Saturday, March 19, 2005

Change the World

Margaret Mead said, "Never doubt that a small group of thoughtful, committed people can change the world. Indeed, it's the only thing that ever has!"

I believe that we, you and me, can change the world. All we have to do is change what we believe about the world and the people in it. If what we believe changes, the way we act changes. If the way we act changes, our effect on other people changes. If our effect on other people changes, it changes what they believe, about us, certainly, and maybe about the world.

Sunday, March 06, 2005

Family Update

After a day to recover from the shock of the accident, Jack had his operation today. He had to have two incisions and almost half his body shaved, so he looks pretty awful. It was worse than they thought. One of his vertebrae was crushed. Since he is not a biped it is not as serious as it would be for us. They still think no nerve damage. As soon as he woke up, he started barking and barking. He seemed to want to let us know that the operation hurt more than the accident. We are just so grateful that he survived the accident and then the operation. It will take a long time to recover and we will have to take very good care of him because his spine and hips will be very delicate. We will try not to do anything else stupid. We love you very much, Jack.

Friday, March 04, 2005

Family Crisis

My blog tonight has to be about Jack because he's all I can think of. Jack is our Jack Russell Terrier. He was out on his walk on the mesa with our other dogs tonight with Gator, my husband, driving along beside them in the van when Jack walked under the van and the wheel ran over him. His hip was broken in four places. There was no damage to his internal organs, his spine, or his nerves, and the vet seems to think that bones are no problem to fix so we are hopeful that he can be made as good as new but we are worried. Don't think harshly of Gator. He loves Jack very much and feels very bad. Personally, I forgive him because I have driven beside them, too, and it could have happened when I was driving, but neither of us will ever do it again. I love you, Jack!

Thursday, March 03, 2005


After hearing about Toastmasters for a while, I ran into a Toastmaster and she invited me to visit. First of all, they were all really glad to see me. Toastmasters are like that. Then they practiced speaking right there in the meeting. And then they evaluated each other's speeches. They pointed out what was really good and they also made sure to make a suggestion for improvement. I had never been in such as practical, educational, useful meeting. But the greatest thing about Toastmasters is not that they teach you to be a better speaker or even a better leader, another focus. It's the way they do it.

Everyone is welcome and is made to feel welcome, I mean, they're really glad to see you. They make sure you have an agenda and explain what's happening and what's going to happen and give you materials to keep. Then they follow up with you to make sure that you know how much they want you to come back and join them. They ask what you want to get out of Toastmasters and tell you how they can help you with that. They applaud when you go up to the lectern and they applaud when you speak or contribute in any way. They tell you exactly what was good about what you did and what could have been better and make a suggestion to improve it. They never say anything was bad. They never criticize. They have very specific goals for you to strive for in each part of the program, which can go on your whole life, if you want. Yet you always go at your own pace. They tell you how to reach the goals and help you do it. They give you praise and ribbons and trophies and certificates and pins and awards. They help you be the very best that you can be.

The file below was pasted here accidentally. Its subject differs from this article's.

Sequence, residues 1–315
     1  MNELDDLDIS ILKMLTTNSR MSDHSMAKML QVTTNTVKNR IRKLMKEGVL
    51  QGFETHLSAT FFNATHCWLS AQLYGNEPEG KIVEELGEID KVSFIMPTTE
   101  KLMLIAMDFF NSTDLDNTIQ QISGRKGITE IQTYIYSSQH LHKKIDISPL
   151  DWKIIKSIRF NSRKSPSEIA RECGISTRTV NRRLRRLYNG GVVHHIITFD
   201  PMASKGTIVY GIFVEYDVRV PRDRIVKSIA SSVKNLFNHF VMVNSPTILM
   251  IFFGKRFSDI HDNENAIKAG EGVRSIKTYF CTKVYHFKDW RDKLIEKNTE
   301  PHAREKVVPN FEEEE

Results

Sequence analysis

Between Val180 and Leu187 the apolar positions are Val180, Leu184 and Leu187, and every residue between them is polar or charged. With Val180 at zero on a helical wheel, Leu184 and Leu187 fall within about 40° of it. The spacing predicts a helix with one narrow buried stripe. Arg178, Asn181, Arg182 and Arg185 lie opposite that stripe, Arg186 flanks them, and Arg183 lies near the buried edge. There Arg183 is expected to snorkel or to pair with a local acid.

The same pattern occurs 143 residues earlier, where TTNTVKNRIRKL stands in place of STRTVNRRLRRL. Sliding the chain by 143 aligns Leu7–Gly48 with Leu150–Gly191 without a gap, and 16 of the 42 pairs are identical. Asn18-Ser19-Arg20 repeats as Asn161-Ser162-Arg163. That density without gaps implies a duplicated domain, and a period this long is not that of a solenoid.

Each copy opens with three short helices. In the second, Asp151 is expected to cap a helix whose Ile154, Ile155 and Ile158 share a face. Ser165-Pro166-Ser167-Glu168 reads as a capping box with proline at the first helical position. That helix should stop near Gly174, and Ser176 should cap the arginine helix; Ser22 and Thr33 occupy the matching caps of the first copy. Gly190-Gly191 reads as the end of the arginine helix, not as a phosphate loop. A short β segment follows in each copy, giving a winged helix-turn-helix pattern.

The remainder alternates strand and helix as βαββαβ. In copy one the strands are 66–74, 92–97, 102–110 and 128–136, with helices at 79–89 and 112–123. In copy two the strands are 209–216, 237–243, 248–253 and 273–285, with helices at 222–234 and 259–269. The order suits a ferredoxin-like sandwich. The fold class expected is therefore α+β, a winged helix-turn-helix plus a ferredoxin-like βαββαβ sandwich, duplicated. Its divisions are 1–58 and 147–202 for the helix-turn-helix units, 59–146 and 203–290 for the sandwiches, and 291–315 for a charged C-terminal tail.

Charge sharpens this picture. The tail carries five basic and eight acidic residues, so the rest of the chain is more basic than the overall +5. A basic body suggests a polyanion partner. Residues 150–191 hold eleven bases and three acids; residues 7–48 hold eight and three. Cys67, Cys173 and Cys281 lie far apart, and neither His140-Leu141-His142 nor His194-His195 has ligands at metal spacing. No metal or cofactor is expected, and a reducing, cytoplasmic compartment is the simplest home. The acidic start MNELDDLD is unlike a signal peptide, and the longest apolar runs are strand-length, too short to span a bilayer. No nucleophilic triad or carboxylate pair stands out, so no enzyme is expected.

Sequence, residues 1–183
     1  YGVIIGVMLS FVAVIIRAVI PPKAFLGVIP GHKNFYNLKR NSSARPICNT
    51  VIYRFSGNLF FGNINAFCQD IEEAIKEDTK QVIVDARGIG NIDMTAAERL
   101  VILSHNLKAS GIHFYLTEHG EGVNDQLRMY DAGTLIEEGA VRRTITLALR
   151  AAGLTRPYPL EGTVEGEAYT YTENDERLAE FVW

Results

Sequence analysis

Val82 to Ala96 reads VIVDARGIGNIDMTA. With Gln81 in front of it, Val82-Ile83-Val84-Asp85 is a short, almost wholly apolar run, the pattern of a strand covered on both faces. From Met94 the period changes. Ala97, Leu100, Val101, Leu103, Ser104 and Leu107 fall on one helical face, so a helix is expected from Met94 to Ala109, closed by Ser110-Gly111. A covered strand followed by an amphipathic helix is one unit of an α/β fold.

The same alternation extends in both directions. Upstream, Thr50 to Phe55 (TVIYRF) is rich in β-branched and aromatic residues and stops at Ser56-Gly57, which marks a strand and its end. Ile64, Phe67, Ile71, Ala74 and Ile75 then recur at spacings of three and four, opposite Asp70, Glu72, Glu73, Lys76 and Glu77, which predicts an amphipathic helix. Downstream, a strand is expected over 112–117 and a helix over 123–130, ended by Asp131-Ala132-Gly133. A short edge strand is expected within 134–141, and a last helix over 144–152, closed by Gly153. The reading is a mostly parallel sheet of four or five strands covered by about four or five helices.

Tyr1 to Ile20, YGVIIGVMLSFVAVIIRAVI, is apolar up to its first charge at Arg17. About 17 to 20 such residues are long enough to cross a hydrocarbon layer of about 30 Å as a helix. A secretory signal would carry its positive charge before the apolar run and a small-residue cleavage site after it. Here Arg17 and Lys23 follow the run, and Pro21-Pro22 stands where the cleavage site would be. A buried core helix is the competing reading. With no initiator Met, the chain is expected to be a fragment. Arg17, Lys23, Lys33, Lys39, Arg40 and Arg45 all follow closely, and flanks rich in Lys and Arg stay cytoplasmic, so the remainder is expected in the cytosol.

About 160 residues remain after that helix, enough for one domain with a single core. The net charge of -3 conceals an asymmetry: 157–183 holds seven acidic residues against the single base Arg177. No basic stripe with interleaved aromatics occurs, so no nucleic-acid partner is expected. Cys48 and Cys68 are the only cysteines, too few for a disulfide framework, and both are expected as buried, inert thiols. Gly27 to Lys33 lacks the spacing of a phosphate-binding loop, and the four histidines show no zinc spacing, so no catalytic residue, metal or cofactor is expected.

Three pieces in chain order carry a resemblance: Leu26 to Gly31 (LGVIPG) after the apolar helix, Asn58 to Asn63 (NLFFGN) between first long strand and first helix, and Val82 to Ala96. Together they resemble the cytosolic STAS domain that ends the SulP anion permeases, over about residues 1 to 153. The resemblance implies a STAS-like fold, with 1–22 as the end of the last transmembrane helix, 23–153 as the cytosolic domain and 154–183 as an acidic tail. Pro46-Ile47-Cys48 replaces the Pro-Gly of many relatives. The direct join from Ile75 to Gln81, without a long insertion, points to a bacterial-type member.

And all that is what is in my book, too, before I ever met a Toastmaster or ever knew that there was a group that worked just like I dreamed it could be.

Wednesday, March 02, 2005


I wrote the table of contents first, because it was my outline. That took six months. Don't laugh, it's a wonderful table of contents. After that, it went a little faster. When I had written enough, I wanted to get it published. I found out that to get non-fiction published you have to learn to talk about what you write, you have to become a speaker. And to become a speaker, you should join Toastmasters, because that's what they do. So I joined Toastmasters. And they changed my life. Try it, you'll see!

Tuesday, March 01, 2005


When I learned to think about what I was doing in words, I realized how important words are. They helped me put ideas together in a logical way. They helped me compare what I believed to what I saw and experienced in real life. They helped me infer things that I haven't yet experienced, or hope not to, or might not ever. I realized, too, how important the right words are. People had always told me, "Don't take it personally." I didn't understand that. But I did understand a different way of saying it, "Choose not to be hurt by this." Of course, I hadn't really changed. I was still the same person, likely to respond in the same way to the same stimulus. But I wanted to make different choices. I helped myself do that by saying things to remind me to keep a cool head -- "It's not about me." "There's always a good reason why somebody does something." "Whatever works!" After a while, I started writing it all down. And writing turned out to be an almost magical thing that helped me to think better. Try it, you'll see!